ddos / no connection tracking / tarpitting

Taylor Grant gtaylor at riverviewtech.net
Fri Apr 22 07:22:46 CEST 2005


> A while ago I saw an iptables solution that was able to serve as an 
> effective anti-ddos solution.   I didn't get to see under the hood, but 
> the creator told me that the solution was essentially an iptables 
> implementation with no connection tracking built in.  Allegedly, the 
> fact that no connection tracking was used enabled the the iptables to 
> deal with a much higher volume of traffic w/o crashing.  He had also 
> mentioned using packet counting (to count packets as they passed through 
> since there was no way to keep track of them otherwise) and using 
> tarpitting.
> 
> While I can't attest to what the person told me, I do know the firewall 
> was soaking up ddos traffic that was otherwise bringing servers to their 
> knees with the use of regular connection-based firewalling.
> 
> So my question is, is this the basic element of building a good 
> anti-ddos solution wtih iptables to address a *large* volume of ddos 
> traffic to build iptables w/o connection tracking?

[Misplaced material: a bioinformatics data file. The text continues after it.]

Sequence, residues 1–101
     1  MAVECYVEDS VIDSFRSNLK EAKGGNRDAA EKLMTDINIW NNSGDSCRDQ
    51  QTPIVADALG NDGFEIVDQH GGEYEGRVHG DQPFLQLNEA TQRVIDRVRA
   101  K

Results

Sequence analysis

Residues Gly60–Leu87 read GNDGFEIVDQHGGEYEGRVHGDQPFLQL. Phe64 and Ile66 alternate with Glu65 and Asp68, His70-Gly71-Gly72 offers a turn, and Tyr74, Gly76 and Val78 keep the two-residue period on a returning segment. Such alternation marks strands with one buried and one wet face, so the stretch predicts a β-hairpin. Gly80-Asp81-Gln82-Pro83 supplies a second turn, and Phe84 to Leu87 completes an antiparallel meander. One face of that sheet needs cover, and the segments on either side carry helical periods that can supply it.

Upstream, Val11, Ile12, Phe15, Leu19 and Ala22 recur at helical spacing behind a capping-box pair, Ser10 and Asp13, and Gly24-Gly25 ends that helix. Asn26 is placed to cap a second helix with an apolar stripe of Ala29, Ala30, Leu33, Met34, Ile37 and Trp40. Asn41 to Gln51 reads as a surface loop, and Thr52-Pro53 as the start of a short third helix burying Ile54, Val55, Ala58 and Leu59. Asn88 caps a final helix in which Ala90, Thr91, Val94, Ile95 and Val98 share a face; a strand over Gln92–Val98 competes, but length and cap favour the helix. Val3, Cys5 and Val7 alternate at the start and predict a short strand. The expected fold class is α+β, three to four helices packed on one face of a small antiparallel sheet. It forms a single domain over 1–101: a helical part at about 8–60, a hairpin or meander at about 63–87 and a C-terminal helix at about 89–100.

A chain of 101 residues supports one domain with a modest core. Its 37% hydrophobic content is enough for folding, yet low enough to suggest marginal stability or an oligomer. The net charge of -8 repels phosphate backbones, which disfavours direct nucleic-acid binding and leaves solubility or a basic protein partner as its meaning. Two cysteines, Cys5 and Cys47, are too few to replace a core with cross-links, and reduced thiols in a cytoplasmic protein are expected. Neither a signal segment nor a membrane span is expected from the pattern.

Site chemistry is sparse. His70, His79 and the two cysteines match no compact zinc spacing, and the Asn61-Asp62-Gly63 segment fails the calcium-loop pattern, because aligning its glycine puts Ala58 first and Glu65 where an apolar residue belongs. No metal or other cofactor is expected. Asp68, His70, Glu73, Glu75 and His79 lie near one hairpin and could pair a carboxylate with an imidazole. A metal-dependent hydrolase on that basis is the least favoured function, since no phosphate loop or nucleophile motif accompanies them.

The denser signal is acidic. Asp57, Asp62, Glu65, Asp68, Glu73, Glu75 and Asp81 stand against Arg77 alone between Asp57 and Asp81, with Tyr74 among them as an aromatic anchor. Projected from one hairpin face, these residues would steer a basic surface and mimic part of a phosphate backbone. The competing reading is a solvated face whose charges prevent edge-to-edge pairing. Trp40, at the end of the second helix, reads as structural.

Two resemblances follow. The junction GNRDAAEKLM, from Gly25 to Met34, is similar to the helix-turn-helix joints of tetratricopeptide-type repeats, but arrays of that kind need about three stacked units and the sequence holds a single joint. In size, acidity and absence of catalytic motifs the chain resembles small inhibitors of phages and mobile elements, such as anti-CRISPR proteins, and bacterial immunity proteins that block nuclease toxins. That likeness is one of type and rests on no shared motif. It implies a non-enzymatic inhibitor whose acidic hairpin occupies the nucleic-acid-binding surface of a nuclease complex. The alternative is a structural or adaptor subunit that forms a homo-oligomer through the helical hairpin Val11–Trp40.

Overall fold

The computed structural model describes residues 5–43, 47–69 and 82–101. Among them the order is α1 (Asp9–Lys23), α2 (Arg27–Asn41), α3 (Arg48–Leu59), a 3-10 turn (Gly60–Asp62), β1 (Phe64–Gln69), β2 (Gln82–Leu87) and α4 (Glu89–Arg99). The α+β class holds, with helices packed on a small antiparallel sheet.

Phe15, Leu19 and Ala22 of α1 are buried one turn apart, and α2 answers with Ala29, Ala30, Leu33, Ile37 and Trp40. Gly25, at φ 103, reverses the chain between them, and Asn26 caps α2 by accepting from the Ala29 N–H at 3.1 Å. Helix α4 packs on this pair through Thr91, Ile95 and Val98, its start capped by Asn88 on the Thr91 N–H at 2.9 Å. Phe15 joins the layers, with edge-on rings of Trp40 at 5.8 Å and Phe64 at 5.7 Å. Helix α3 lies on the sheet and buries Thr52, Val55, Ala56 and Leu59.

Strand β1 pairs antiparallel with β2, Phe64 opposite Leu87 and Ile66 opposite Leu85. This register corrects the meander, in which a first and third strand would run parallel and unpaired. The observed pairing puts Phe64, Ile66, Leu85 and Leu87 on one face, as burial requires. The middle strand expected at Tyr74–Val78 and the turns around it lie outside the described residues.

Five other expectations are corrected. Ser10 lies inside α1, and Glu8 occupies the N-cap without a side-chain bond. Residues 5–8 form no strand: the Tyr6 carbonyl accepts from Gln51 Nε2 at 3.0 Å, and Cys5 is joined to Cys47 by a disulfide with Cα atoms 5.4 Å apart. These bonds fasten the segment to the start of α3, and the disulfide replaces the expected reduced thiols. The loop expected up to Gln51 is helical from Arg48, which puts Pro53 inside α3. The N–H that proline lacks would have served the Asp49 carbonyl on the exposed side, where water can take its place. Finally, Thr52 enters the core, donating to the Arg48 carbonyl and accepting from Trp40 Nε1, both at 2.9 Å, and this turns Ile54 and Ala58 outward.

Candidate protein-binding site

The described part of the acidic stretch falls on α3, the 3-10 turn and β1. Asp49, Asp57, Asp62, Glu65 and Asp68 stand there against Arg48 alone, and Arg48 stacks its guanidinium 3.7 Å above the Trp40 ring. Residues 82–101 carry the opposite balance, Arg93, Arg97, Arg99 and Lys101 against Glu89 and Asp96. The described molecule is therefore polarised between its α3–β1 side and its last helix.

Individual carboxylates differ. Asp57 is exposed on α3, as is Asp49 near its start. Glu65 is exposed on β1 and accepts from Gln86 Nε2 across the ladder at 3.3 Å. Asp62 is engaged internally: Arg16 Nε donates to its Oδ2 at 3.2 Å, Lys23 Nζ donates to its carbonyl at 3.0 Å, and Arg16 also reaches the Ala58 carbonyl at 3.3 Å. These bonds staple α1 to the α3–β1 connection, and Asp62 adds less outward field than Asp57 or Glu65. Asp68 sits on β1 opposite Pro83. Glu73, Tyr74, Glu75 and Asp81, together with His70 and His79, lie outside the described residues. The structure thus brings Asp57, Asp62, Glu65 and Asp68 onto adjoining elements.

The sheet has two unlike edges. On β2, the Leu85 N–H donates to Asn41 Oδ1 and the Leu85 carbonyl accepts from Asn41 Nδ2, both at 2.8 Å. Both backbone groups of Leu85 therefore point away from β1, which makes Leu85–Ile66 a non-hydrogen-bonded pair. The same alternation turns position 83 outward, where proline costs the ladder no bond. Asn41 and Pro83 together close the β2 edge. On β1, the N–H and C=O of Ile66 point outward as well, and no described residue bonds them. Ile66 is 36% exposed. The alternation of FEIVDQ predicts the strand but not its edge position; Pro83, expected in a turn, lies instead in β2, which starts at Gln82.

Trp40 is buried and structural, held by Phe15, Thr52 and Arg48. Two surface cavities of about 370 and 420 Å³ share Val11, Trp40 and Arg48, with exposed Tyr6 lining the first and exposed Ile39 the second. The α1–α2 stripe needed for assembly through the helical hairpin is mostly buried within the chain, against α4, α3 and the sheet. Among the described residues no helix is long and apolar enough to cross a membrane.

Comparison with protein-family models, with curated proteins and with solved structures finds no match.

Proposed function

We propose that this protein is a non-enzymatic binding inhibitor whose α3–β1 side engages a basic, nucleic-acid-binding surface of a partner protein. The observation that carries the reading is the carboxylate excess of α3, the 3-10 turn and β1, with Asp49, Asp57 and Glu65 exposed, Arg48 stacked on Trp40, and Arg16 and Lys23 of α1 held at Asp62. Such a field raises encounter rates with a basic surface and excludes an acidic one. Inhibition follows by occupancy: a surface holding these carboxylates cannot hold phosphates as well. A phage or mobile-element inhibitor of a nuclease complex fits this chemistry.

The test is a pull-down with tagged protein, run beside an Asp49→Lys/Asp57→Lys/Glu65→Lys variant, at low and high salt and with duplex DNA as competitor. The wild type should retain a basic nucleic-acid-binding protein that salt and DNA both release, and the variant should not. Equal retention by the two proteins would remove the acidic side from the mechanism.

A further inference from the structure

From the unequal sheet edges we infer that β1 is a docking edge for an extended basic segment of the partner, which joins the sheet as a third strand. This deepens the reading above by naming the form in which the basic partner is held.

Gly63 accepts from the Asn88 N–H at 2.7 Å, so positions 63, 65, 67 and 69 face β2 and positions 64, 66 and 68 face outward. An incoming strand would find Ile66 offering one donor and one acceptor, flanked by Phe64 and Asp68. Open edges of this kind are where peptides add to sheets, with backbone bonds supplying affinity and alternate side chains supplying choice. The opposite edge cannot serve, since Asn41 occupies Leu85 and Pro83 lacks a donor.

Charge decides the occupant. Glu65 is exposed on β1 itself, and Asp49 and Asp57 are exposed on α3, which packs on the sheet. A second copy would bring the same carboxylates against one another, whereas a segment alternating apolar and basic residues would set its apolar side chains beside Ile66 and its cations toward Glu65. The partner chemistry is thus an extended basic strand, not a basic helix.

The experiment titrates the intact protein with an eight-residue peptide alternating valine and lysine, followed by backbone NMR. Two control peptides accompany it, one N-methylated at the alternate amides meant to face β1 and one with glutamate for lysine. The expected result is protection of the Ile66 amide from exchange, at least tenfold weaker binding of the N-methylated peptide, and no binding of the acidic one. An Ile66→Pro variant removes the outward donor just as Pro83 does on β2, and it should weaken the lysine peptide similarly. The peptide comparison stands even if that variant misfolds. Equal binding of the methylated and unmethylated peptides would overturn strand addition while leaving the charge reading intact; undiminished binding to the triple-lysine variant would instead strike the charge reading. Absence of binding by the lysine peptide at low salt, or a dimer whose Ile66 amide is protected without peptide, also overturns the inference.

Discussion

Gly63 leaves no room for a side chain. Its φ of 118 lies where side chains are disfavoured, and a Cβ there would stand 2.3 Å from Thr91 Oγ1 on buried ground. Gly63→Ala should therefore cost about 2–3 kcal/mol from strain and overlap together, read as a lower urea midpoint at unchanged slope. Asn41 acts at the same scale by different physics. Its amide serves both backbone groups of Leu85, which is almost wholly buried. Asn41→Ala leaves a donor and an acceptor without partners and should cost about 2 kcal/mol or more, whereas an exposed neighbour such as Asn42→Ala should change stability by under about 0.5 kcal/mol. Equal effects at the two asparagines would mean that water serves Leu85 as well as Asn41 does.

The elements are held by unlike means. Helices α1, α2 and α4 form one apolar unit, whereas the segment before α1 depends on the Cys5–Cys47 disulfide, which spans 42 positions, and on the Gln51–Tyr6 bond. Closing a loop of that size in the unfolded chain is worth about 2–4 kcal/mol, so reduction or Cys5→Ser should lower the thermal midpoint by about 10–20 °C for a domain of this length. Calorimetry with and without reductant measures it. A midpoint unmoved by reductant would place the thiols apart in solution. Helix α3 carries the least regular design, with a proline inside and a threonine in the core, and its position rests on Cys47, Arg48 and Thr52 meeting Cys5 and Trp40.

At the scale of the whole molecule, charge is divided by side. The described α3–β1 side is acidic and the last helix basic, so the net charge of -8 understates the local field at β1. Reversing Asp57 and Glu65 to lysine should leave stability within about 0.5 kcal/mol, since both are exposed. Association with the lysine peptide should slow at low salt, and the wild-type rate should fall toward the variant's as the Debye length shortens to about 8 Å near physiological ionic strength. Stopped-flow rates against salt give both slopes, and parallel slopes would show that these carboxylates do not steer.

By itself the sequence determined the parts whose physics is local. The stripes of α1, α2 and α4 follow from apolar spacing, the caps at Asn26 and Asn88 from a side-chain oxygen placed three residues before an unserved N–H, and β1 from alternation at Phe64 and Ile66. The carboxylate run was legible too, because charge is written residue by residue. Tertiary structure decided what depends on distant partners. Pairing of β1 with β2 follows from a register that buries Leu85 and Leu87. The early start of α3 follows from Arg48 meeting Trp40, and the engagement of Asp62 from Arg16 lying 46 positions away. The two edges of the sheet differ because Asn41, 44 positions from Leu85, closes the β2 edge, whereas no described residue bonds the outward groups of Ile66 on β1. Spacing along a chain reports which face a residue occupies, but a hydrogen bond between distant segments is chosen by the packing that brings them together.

> 
> Thanks,

Yes this is possible and (I think) fairly easy to do.  As I have never done this I can not tell you for sure, but this is what I would do if I were to do such a thing.

I will presume that you are wanting to drop all traffic to a specif port on an IP address for the sake of this discussion.

iptables -t raw -A PREROUTING -d 1.2.3.4 -p tcp --dport 5678 -j NOTRACK
iptables -t filter -A FORWARD -d 1.2.3.4 -p tcp --dport 5678 -j TARPIT

This will cause any traffic that comes in that is distend to 1.2.3.4 on port 5678 to  NOT be tracked with the connecting tracking sub system and to subsequently be redirected to the TARPIT target.



Grant. . . .



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